Wednesday, September 25, 2019

Twenty Twenty Update: Impeachment Begins

Well, sort of.

Pelosi’s announcement came after months of infighting on the topic within the caucus, which split largely between those in safe districts and those who helped hand the House to the Democrats in November, with Pelosi siding with the latter group throughout. However, north of two dozen House Democrats have come out in support of an inquiry since news emerged that Trump allegedly pressured Ukrainian President Volodymyr Zelensky to investigate Vice President Joe Biden and his son Hunter Biden (The Hill).

Opening an inquiry was as far as Pelosi would go on Tuesday. According to three House Democrats, she would not promise a floor vote on impeachment, a step some House Democrats have sought.

The polling is still not supportive ...

According to a Monmouth University poll taken in August, 59 percent of voters were against impeaching Trump, with 35 percent in favor of doing so. However, the poll was taken well before the Ukraine information came to light and in the aftermath of former special counsel Robert Mueller’s testimony in late July.

And this Reuters poll, fresh out of the oven, shows public interest in impeachment falling: 37% support the Congressional inquiry, 47% against.  Forty-four percent say they have heard little or nothing about the Ukraine story.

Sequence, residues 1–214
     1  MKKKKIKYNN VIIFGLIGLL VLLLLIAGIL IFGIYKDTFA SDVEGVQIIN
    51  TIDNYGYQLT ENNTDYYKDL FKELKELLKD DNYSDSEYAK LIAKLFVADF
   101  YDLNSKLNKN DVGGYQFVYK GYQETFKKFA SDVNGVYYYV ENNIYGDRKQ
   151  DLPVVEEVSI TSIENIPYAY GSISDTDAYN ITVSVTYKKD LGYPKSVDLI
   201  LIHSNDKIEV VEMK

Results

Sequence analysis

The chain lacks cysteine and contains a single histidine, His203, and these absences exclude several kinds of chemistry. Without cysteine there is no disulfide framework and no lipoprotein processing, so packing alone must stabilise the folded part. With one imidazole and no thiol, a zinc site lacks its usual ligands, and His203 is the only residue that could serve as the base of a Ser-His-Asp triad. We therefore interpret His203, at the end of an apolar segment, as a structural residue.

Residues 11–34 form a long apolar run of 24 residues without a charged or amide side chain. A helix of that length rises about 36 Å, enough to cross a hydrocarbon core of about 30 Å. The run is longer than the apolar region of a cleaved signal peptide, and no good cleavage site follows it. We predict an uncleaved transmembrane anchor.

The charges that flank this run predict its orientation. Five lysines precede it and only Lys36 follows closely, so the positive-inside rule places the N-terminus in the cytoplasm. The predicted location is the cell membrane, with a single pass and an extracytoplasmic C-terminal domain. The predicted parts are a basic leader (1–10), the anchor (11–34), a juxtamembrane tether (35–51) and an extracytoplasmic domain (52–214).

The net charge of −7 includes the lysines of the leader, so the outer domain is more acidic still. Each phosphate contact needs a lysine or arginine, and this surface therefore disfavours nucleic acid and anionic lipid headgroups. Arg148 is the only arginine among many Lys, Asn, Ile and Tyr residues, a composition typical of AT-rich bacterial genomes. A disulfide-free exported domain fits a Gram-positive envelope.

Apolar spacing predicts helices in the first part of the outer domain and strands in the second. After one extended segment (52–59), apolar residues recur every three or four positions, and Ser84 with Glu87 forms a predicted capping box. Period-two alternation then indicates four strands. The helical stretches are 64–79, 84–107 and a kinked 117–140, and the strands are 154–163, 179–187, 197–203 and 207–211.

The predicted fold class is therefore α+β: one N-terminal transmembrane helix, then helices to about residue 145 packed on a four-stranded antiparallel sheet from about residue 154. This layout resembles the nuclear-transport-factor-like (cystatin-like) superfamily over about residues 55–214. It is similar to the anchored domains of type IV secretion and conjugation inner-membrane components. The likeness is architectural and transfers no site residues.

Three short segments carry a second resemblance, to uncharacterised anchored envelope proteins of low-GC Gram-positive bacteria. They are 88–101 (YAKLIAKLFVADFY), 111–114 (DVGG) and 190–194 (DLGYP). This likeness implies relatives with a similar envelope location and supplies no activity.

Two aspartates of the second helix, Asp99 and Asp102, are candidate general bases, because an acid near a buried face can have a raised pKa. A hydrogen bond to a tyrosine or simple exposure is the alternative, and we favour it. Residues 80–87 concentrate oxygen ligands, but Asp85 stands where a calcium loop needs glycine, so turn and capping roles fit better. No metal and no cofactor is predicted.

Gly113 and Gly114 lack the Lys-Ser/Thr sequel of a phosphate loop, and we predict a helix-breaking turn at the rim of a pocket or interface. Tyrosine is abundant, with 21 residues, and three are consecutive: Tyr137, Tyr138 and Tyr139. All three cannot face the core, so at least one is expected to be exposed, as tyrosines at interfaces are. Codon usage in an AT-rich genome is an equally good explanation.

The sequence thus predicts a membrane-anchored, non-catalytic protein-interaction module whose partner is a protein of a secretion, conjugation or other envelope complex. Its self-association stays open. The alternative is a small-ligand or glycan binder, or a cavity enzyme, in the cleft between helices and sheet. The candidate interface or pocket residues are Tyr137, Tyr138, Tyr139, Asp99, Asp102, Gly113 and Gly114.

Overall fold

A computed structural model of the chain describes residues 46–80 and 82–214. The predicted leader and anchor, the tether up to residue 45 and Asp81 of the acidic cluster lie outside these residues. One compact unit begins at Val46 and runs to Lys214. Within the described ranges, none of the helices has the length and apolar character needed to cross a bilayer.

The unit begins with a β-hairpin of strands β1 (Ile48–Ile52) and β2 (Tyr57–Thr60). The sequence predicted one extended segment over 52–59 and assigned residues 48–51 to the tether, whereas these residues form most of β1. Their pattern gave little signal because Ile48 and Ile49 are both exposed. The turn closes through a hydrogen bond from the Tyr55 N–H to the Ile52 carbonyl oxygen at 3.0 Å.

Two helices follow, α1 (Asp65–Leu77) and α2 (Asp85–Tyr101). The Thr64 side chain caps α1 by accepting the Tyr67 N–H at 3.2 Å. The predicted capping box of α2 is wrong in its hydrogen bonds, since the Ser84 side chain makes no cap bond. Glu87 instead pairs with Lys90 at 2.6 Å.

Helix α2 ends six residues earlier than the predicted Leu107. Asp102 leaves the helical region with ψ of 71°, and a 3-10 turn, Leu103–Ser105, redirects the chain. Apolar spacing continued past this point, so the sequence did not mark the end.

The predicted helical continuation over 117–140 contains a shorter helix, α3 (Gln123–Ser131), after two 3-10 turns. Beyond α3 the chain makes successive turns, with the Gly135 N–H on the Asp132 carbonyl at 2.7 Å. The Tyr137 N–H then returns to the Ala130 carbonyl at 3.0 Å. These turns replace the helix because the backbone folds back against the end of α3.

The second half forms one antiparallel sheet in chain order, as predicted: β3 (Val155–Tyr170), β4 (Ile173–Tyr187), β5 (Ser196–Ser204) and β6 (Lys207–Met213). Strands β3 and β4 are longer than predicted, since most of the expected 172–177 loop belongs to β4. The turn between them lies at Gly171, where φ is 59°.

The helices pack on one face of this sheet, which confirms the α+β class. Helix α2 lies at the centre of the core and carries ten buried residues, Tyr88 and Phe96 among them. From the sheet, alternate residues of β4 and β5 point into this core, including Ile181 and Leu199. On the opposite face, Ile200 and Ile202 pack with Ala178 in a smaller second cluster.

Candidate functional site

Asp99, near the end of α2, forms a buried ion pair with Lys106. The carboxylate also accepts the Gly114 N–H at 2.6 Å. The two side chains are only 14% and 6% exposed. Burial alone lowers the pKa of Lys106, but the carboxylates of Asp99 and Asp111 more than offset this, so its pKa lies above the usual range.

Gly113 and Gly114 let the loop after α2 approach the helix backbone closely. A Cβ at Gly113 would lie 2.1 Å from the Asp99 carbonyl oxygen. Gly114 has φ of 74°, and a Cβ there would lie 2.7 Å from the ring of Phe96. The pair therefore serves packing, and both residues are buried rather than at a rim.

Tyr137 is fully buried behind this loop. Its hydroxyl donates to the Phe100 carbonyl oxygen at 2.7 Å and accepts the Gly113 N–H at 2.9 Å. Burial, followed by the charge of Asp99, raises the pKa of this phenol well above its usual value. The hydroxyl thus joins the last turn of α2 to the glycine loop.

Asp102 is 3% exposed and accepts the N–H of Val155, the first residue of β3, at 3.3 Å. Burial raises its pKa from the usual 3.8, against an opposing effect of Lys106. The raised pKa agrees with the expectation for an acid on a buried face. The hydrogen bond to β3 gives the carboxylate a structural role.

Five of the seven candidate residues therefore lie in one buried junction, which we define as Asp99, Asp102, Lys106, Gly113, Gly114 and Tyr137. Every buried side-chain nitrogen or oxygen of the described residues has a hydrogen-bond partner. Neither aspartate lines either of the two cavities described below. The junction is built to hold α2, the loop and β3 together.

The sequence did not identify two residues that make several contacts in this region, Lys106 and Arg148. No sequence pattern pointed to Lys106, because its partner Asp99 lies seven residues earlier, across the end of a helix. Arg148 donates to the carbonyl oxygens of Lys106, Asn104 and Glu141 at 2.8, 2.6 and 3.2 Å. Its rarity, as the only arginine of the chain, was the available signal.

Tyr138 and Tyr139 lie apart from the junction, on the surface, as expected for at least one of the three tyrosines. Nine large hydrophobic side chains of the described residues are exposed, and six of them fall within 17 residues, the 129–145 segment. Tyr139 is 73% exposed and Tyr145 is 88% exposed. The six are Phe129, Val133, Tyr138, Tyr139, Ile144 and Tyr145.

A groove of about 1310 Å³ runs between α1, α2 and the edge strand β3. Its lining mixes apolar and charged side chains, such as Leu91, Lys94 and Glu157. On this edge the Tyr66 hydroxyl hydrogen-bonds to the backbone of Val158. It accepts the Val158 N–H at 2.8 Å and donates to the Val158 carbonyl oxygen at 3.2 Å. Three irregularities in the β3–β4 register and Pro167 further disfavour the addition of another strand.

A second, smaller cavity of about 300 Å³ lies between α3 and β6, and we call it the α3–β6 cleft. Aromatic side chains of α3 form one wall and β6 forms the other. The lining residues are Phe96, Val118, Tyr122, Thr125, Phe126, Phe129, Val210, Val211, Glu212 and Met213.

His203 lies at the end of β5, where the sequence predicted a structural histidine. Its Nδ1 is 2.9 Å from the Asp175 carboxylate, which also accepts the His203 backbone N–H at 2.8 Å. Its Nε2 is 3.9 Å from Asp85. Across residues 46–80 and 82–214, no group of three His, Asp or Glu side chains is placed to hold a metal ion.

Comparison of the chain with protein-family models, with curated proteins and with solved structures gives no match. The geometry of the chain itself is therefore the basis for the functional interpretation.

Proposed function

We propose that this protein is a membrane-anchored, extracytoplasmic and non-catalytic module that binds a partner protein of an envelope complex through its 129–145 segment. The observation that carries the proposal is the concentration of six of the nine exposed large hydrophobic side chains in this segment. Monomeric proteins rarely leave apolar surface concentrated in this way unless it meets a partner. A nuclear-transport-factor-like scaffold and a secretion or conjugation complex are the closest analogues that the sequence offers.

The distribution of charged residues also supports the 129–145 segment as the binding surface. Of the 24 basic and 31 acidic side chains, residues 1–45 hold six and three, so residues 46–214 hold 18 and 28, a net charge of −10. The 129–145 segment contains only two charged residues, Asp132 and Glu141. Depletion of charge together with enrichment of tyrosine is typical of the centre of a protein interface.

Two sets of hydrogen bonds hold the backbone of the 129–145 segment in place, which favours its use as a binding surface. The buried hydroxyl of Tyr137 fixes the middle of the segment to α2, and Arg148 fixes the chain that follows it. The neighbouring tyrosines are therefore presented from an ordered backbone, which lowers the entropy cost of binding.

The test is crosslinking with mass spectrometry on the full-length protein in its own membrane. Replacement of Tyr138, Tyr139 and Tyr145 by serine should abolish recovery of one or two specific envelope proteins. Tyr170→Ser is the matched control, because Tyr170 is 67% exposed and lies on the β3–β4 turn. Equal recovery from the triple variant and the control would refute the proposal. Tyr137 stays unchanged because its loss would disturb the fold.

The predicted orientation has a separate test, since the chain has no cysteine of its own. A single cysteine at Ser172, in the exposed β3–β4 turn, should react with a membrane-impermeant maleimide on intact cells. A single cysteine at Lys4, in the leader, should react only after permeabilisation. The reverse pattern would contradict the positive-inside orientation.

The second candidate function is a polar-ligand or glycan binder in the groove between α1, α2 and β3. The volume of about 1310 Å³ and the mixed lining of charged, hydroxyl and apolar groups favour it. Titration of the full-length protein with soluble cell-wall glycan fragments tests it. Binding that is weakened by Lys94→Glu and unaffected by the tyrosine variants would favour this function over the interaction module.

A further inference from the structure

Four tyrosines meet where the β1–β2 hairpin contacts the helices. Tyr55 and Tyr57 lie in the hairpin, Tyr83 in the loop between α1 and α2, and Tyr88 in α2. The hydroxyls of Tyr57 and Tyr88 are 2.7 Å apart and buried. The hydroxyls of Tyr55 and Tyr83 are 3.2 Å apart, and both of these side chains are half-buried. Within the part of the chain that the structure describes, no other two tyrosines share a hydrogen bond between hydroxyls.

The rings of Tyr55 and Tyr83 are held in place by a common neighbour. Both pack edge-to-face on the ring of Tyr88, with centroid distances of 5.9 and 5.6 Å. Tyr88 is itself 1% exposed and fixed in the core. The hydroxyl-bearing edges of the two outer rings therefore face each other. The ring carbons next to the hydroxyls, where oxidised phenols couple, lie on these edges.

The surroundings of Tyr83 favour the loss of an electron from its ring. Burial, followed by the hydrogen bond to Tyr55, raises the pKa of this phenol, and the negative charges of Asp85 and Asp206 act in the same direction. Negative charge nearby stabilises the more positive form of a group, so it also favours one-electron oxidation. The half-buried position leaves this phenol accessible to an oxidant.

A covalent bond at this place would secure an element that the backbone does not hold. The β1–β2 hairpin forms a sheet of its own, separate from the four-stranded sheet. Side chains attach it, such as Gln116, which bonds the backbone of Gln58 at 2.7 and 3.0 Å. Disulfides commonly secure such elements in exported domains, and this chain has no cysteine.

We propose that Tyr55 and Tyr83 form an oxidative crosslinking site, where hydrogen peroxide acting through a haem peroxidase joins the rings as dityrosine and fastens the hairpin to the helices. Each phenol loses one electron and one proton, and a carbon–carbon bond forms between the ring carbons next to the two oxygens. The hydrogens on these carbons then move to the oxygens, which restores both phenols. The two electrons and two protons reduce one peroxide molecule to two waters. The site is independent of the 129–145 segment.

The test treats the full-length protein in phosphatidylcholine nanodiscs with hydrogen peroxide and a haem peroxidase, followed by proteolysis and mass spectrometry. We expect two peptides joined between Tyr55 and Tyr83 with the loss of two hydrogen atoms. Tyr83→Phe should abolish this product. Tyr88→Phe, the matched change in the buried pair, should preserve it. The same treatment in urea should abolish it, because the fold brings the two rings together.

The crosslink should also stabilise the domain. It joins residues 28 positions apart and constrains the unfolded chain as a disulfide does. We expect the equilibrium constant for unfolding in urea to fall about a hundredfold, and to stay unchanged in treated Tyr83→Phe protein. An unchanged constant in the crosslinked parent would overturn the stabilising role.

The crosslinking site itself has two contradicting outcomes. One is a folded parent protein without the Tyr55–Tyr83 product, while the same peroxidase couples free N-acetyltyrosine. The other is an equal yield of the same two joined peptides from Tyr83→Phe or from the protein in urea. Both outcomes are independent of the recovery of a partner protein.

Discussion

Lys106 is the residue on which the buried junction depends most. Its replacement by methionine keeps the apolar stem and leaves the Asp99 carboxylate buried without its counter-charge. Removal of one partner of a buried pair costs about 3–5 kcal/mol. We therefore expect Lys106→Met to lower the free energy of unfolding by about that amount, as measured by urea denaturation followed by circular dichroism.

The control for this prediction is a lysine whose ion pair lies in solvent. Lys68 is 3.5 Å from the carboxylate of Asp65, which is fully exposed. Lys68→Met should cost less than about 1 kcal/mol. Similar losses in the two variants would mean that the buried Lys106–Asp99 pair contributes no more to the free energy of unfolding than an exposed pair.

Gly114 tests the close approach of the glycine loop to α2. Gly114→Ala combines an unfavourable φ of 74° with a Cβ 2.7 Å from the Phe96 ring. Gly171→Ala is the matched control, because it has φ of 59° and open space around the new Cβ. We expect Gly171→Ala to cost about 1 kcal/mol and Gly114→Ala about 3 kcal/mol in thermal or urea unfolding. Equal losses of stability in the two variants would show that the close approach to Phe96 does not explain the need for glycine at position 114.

There won't be regular reports here on this topic.  This blog don't play like that.  Plenty of others do, and I link to them in the right hand column.  I will say this:

The path to ejecting Cheetolini is laced with landmines for Team Donkey, which is why Pelosi has been so reticent to undertake it.  Republicans, starting at the top, seem to believe it's their road to victory next year, and this would be evidence of that (to me).

Senate Democrats, on the other hand, are a bit divided.

Joe Biden -- and his son, Hunter -- are at the heart of this matter.  Previous reporting had suggested that Biden used improper influence to remove a Ukrainian official who was -- allegedly -- investigating the company Hunter Biden was working for.  The problem for Biden is that there is video of him bragging about it (transcript here).  A variety of media sources say that while this is 'unsavory', it's just business as usual in DC.  The problem for Trump is that he tried -- via Rudy Giuliani -- to make something out of it, and Trump's call to the Ukrainian president, his actions beforehand, and the person who blew the whistle are now the focus of the impeachment inquiry.